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Heat waves perilous for delivery truck drivers

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A UPS driver in a delivery truck.

UPS drivers, represented by the Teamsters, have been calling for better heat safety measures, including air conditioning in trucks. Alex Wong/Getty Images

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Parts of California and the Pacific Northwest are expecting another record-breaking heat wave this week, with temperatures well into the triple digits. A new analysis from The Washington Post projects that by midcentury, temperatures topping 100 degrees could persist for weeks on end in many areas of the country.

Extreme heat is already taking a toll on many workers — and not just those who spend all day in the sun. Recently, heat safety issues have sparked demonstrations by delivery drivers.

The workday of a package delivery driver is never easy. High temperatures and humidity don’t help.

“Truthfully, it’s pretty hellish,” said UPS driver Matt Leichenger.

He said his 10-hour day starts in the back of the truck, where he spends up to an hour organizing the cargo. That area can reach 120 to 130 degrees.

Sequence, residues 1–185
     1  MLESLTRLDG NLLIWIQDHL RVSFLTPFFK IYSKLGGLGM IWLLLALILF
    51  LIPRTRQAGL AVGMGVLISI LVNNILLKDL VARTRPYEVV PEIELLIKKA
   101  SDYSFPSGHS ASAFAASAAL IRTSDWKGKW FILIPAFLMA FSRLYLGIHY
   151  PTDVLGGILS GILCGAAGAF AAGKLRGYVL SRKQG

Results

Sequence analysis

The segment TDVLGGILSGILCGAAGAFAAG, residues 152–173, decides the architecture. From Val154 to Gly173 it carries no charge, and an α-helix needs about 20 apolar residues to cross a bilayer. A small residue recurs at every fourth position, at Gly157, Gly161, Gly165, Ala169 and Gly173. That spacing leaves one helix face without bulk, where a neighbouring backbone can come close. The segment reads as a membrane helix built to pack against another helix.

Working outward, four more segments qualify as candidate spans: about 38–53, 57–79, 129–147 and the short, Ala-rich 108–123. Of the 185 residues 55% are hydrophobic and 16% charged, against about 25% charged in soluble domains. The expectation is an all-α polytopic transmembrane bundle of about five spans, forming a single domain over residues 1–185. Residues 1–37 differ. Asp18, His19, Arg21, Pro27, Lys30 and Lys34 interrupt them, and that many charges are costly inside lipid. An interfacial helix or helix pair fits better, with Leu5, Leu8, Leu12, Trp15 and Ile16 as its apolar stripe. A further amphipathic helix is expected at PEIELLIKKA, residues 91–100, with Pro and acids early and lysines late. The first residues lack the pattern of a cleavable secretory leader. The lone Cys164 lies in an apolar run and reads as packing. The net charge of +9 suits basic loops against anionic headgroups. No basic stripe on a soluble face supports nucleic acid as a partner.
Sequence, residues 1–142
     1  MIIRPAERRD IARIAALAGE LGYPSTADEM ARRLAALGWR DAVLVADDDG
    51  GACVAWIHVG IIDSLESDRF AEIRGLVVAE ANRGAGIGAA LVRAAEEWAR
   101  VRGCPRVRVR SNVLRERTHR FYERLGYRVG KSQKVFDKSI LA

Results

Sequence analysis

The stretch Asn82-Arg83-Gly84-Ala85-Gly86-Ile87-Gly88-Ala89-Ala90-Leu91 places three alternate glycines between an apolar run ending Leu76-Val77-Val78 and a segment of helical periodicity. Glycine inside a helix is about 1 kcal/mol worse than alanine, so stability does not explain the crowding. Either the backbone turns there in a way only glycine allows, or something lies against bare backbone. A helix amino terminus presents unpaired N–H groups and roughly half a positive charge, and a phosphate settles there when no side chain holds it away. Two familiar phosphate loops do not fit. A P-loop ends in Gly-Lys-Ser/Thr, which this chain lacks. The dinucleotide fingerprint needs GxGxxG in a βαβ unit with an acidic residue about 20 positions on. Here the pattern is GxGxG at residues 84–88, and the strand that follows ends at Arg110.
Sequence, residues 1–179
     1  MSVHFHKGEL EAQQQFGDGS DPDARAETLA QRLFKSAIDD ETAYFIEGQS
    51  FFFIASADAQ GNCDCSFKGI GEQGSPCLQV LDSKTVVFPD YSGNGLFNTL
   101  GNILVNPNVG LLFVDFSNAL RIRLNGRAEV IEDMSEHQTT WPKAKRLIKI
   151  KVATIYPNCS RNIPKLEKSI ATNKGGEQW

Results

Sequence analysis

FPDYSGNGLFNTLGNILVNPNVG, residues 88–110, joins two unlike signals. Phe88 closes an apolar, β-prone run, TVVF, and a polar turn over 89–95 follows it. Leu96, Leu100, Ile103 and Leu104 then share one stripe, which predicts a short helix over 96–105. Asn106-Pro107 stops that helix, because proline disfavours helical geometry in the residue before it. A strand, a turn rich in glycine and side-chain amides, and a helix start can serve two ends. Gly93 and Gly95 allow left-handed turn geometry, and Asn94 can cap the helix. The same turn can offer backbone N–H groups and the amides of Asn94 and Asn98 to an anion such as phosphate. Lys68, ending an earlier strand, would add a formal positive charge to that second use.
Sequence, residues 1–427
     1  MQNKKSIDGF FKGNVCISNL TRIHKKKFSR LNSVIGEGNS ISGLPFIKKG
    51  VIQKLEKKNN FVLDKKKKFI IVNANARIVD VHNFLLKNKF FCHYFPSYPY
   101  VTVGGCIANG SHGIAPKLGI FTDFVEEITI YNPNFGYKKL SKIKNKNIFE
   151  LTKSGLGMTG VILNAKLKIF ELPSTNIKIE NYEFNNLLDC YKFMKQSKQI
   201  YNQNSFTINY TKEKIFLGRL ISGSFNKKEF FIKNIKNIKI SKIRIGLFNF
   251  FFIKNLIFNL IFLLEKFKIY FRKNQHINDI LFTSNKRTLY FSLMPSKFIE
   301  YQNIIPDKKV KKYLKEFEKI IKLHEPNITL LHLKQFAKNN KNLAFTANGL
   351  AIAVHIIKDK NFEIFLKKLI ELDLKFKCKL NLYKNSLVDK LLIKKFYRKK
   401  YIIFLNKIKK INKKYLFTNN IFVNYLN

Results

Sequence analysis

Then he’s running packages — cumulatively weighing hundreds, sometimes thousands, of pounds a day. 

“Like, drenched in sweat. Sweat getting in my eyes,” he said.

Since July, UPS drivers, represented by the Teamsters labor union, have been calling for better heat safety measures, including air conditioning in trucks. In a statement, UPS said trucks make frequent stops and the doors are constantly opened, making AC inefficient. The company said it installs fans and provides safety training, stressing rest and hydration.

But the solo nature of the work increases the risks, said Thomas Bernard, a professor at the University of South Florida.

“A serious heat-related disorder may not actually be recognized by the individual,” Bernard said. “And heat stroke is really a life-threatening medical emergency.” 

He added that the effects of high temperatures day after day build up.

Which makes the prospect of more frequent extreme heat all the more concerning, said Jisung Park, a labor economist at the University of California, Los Angeles, who found that workplace injuries increase by 15% on the hottest days.

“One way to think about heat and climate change generally is as a potential threat multiplier,” Park said.

Jobs that include already challenging tasks — like lifting heavy objects or driving all day — will only become more taxing.

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